Beginning with the "Dai-isson" statue on the highest level on the left, to the "Kigoku-son" statue in the bottom right corner, each of the 1000 statues have names. Each Kannon also has a different expression, and it is said that there's always a statue that looks like yourself or your loved one, so try looking for them.
In front of the standing Kannon statues are Nijuhachibushu (28 Legions, protecting the Kannon deity) and Fujin and Raijin (the gods of wind and thunder) statues as well. Every one of the hall's statues are masterpieces of Kamakura period sculpture and designated national treasures, and the realistic artwork is stunning. This army of Buddhist statues that seem like they could come alive at any moment is a must-see spectacle.
The "Rite of the Willow" ("Yanagi no Okaji"), which takes place on the same day as the archery competition and has its roots in India, is the most important ritual at Sanjusangen-do Temple. During the ritual, a branch of a sacred willow tree is used to sprinkle blessed water onto attendees' heads, which is said to ward off illness and prevent headaches in particular.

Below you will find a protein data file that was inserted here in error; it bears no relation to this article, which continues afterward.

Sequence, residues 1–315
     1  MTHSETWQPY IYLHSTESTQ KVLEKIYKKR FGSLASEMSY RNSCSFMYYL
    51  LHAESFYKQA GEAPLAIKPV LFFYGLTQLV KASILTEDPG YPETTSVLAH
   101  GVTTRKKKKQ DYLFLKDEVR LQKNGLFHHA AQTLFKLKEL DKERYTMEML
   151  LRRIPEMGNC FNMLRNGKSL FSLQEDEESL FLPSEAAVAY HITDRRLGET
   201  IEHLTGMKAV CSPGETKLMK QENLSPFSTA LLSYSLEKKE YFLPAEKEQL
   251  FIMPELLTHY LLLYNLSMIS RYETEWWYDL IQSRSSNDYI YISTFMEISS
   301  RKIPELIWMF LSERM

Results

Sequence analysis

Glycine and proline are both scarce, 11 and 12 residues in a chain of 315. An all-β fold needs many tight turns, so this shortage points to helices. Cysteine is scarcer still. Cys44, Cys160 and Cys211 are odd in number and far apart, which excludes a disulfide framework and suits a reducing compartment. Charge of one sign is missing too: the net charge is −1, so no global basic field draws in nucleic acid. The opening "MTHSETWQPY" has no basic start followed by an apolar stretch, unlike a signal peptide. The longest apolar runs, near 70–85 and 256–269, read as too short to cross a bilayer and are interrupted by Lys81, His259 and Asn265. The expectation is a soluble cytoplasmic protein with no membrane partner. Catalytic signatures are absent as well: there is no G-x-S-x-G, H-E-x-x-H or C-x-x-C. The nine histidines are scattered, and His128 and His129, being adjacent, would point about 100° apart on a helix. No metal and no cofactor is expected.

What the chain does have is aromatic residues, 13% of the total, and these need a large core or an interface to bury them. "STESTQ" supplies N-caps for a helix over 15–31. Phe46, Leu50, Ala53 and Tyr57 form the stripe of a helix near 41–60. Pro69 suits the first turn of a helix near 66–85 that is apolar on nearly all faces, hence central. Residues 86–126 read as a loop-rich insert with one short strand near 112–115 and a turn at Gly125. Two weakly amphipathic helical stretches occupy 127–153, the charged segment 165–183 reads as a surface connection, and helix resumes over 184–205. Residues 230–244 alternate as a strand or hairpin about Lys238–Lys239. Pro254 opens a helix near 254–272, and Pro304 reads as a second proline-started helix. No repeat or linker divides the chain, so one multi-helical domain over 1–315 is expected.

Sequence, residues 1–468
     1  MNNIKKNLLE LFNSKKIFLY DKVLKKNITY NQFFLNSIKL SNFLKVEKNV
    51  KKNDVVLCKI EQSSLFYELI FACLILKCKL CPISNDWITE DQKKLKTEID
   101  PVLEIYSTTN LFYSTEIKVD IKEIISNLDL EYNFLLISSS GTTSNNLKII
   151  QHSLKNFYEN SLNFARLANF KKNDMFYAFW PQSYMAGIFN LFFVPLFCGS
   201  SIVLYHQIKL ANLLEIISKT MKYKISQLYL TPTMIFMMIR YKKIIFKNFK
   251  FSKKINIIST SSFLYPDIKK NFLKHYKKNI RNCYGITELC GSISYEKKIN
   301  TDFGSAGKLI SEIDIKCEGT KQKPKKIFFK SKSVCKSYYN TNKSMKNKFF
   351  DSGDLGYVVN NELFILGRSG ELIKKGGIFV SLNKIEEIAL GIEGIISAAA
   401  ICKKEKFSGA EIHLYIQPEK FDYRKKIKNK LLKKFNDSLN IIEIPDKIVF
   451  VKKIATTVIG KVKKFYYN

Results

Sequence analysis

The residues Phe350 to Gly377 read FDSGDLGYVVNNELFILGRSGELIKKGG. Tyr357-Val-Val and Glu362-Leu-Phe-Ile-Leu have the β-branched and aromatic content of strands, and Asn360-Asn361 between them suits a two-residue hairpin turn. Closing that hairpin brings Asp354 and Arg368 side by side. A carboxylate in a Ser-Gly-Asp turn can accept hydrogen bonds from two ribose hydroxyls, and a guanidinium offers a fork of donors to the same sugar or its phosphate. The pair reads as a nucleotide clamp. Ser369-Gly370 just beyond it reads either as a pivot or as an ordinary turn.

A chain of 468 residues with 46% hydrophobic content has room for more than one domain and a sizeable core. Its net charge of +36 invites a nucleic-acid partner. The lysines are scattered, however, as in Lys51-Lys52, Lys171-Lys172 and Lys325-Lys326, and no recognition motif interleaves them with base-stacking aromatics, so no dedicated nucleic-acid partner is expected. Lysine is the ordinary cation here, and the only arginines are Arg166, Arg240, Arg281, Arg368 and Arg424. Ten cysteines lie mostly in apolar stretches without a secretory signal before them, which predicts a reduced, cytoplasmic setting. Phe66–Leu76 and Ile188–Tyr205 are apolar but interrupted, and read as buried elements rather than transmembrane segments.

The temple is said to have been built in prayer of recovery from the chronic headaches Emperor Go-Shirakawa suffered. The temple is also known by the nickname "Zutsu-zan Heiyu-ji" ("headache mountain temple of recovery"), and there are omamori charms sold to cure and protect against headaches as well.
On the day of the Rite of the Willow, entry to the temple grounds is free, and the statues of the Main Hall can be viewed for free. The temple is exceptionally crowded and lively on that day between all those coming to receive a blessing and those who watch or participate in the archery contest.
The Shuntoue Festival is Packed with Celebratory Activities and Events
Based on the significance of the number three in Sanjusengen-do Temple's name, on March 3 (3/3), the Shuntoue festival is held. During this festival, also known as "Momonohoue," there are many celebratory events, including floral offerings and exhibitions of the Ikebono school of flower arrangement, howa (religious teachings) and rakugo (comic story) tellings, and more.